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Rates of Reaction

Enzymes  -  Yeast  -  Fermentation  -  Alcoholic Drinks.

How is Fermentation used to make Alcoholic Drinks?

Fermentation is used in a batch process (see below) to make
alcohol in beer and wine. An enzyme in yeast acts on the
natural sugar in malt (to make beer) and grapes (to make wine).

Fermentation will work at temperatures between 18 and 35 °C.
Too cold and the enzyme in yeast is inactive, too hot and
the enzyme denatures. The best wines are generally made
at the lower end of this temperature range although at
lower temperatures fermentation is slower and takes longer.

When the alcohol concentration in wine reaches about
10 to 14%, the alcohol damages the yeast and stops the
fermentation. Ethanol can be separated from the
mixture of water and alcohol by fractional distillation and
this process can be used to make alcoholic drinks with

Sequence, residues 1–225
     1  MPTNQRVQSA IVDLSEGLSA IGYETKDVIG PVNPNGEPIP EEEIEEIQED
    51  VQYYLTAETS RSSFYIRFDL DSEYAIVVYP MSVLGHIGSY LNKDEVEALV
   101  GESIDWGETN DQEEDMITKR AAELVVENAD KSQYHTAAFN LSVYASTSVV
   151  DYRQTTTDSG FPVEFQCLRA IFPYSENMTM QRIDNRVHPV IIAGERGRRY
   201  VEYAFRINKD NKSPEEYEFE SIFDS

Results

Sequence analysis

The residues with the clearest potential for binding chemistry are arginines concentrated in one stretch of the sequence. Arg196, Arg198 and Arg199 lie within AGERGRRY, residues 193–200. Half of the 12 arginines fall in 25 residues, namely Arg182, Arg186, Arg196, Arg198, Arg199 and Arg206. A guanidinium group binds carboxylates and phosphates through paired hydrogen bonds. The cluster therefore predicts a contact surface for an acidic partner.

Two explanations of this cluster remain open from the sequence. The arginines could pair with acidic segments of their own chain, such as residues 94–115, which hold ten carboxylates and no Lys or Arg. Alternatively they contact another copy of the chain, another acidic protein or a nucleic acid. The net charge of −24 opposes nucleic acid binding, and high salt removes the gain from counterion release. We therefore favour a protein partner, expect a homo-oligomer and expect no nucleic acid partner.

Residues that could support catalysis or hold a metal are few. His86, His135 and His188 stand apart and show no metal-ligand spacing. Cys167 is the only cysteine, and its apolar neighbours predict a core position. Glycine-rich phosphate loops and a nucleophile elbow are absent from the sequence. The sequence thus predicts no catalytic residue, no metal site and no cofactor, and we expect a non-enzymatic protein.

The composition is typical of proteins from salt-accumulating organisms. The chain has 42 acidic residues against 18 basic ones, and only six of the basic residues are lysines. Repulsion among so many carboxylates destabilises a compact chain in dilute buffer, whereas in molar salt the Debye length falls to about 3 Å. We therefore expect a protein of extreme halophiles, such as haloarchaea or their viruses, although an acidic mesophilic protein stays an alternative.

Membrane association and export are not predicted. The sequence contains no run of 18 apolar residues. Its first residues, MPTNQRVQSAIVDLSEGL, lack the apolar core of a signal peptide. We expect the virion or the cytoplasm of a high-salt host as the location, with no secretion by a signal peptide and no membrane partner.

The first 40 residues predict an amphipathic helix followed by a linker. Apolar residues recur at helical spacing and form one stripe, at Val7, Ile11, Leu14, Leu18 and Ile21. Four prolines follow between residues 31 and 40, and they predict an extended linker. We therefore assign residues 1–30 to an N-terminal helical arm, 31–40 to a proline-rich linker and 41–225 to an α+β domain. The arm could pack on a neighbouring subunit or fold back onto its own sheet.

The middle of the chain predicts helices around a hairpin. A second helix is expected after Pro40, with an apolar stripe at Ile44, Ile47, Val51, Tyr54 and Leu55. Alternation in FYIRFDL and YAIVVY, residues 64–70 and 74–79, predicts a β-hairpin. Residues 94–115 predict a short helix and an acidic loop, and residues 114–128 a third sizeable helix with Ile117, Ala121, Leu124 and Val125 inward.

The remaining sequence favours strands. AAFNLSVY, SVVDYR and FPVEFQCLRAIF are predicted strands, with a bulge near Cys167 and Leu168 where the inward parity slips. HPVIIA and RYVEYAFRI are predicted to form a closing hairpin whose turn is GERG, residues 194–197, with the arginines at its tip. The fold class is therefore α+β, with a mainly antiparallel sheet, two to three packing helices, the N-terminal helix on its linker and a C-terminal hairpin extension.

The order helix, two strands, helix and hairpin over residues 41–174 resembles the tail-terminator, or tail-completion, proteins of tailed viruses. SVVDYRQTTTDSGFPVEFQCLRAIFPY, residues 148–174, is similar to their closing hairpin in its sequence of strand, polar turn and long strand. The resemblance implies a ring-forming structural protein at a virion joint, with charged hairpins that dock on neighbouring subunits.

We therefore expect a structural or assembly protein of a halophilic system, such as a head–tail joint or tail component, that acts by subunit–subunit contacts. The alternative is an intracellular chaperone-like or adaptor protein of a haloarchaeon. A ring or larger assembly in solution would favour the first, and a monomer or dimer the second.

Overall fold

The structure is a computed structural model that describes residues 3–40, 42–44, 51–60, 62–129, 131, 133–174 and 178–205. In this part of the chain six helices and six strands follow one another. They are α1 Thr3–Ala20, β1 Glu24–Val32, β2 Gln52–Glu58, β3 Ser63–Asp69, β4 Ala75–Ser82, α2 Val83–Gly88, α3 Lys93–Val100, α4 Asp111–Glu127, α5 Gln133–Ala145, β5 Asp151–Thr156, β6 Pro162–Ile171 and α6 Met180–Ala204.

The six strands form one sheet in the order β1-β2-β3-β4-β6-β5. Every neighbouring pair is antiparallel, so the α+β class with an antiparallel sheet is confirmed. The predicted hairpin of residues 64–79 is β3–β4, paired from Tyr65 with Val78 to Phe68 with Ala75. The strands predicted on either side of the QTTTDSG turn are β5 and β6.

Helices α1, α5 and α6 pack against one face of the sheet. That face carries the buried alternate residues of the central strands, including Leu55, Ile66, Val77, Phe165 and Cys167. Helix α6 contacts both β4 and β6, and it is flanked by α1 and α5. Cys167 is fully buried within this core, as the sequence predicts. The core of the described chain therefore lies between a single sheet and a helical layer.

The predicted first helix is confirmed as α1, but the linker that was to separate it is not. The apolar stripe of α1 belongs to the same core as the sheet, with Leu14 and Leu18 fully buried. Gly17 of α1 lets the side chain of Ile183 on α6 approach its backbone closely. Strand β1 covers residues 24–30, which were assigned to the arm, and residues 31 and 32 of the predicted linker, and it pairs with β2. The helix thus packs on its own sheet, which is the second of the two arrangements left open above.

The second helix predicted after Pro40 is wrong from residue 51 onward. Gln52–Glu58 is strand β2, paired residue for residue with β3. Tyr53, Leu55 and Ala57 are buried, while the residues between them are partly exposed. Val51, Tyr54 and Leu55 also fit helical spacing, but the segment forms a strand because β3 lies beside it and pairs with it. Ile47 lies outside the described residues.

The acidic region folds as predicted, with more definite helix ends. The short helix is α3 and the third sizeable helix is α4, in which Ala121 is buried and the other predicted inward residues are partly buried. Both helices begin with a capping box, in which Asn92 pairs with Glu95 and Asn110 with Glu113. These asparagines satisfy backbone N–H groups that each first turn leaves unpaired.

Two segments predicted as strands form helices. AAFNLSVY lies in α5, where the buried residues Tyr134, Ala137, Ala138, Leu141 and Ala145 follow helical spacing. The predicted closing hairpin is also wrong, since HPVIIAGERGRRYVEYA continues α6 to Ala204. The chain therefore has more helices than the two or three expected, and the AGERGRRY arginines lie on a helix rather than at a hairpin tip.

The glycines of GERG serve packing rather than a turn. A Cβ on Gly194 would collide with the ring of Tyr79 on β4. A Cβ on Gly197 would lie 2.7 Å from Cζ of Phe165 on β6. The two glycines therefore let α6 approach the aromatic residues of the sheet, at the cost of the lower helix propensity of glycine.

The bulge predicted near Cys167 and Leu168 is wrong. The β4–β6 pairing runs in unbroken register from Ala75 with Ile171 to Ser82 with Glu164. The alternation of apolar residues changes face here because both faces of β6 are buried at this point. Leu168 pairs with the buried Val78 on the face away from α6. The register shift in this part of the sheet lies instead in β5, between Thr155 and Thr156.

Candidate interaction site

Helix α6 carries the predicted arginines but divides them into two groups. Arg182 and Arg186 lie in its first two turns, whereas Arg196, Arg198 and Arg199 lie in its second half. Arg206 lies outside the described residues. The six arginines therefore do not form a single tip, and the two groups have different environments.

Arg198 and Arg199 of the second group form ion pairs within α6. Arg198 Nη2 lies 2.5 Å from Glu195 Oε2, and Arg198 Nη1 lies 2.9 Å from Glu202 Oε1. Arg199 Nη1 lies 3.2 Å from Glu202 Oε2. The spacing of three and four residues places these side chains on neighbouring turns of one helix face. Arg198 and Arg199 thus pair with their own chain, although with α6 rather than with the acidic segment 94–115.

a higher alcohol concentration such as brandy and whisky.

Is Drinking Alcohol Harmful?

It can be. Different alcoholic drinks contain different amounts
of alcohol. Some people drink alcohol for pleasure, some
drink to excess and some people become addicted to drinking
alcohol. The harmful effects (physical and social) of drinking
excess alcohol are widespread and reach all parts of society.

What is a Batch Process?

In a batch process the reaction vessel must be emptied
and cleaned when the reaction is complete and then refilled
with the new starting materials. A batch process takes
more time and is more expensive than a continuous process.

Other Examples of Fermentation.


Yeast is used in the baking of bread.
The carbon dioxide produced causes the bread to rise
and fills the bread full of bubbles.
The alcohol evaporates during the baking process.

and Cheese.

Bacteria can be added to milk to make yoghurt.
An enzyme in the bacteria reacts with a sugar in the milk
(called lactose) and converts it into lactic acid. As the
amount of lactic acid increases, proteins that are present in
the milk begin to change and form the thicker yoghurt.

Cheese is made by adding an enzyme called rennet
after bacteria have produced lactic acid in milk. Rennet makes
milk proteins turn solid and this is the basis for cheese.

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